The president has provided final approval to a proposal by the Committee of 12 (C-12) to update Stanford’s 102-year-old Honor Code.

Now official university policy, the two-part proposal includes adding new text and definitions to improve clarity, and the launch of the Academic Integrity Working Group (AIWG) to evaluate equitable practices for proctoring in-person examinations in a multi-year study.

President Marc Tessier-Lavigne announced his approval of the proposal during the Annual Meeting of the Academic Council on Thursday. The Associated Students of Stanford University Undergraduate Senate voted to approve the proposal earlier this week, which allowed the matter to proceed to the president’s office.

Historically, proctoring has not been used under the Honor Code, which was written by students in 1921. Years ago, concerns that the Student Judicial Charter and Honor Code did not adequately address the needs of today’s campus community – such as discouraging Honor Code violations and including a more nuanced judicial process for alleged violations – led to the creation of the Committee of 10 (C-10) in 2019.

The C-10 later became the C-12 and was charged with reviewing and considering changes to the Honor Code, the Judicial Charter, and interpretations to the Fundamental Standard, the latter two of which have been resolved.

The C-12 – made up of five students, five faculty, and two staff – conducted extensive outreach to faculty, students, and other institutions before presenting their proposals on the Judicial Charter and Honor Code earlier this spring.

To be enacted, the proposals required approval by the Board of Judicial Affairs, the Undergraduate Senate, the Graduate Student Council, the Faculty Senate, and the university president.

Three of the voting entities approved the C-12 Honor Code proposal earlier this year, and a previous Undergraduate Senate (UGS) initially voted against it, citing proctoring as the concerning issue.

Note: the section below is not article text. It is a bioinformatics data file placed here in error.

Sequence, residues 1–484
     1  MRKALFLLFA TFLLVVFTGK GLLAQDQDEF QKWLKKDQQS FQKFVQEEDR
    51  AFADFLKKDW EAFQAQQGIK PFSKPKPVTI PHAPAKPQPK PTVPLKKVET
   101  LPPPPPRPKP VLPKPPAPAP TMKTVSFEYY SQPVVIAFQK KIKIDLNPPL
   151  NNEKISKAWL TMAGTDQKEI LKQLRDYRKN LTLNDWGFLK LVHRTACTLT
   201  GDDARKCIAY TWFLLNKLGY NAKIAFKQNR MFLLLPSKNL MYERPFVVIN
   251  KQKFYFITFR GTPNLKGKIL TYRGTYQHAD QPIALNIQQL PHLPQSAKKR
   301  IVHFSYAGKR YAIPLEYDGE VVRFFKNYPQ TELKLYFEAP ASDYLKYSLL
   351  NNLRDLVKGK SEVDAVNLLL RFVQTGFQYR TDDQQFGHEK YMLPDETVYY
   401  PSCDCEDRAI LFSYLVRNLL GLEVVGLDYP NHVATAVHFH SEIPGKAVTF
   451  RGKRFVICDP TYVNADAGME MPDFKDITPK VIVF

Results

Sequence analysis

On April 27, the Faculty Senate approved a separate motion to amend the Honor Code to allow proctoring beginning in the fall, unless the UGS reversed its decision and approved the C-12 proposal. A newly inaugurated UGS membership voted to approve the proposal on Tuesday.

Faculty Senate Chair Ken Schultz, professor of political science, said the debate in the senate on the motion was intense because it was heartfelt.

“Some argued that the faculty had a responsibility to take action on a key matter of academic integrity,” Schultz said in his annual report of the senate. “Others emphasized the tradition of cooperation that we have between faculty and students on the Honor Code, and felt that unilateral action would violate the spirit of compromise that had motivated the C-12 process. Decisions that place important values in conflict are the hardest to make, and as I watched the debate on the floor I could tell that many of my colleagues were torn in both directions by these values, even though the motion passed by a large margin.”

With the UGS vote earlier this week and the president’s approval, the motion is now superseded.

“I am hopeful that this episode will usher in a period of renewed cooperation to ensure the highest standard of academic integrity at this university,” Schultz said. “And while the rift over this matter was uncomfortable, I hope it will permit all parties to move forward with a better understanding of each other’s concerns.”

With the president’s approval of the Honor Code proposal, all of the C-12’s recommendations have now been adopted, and the C-12’s work is concluded.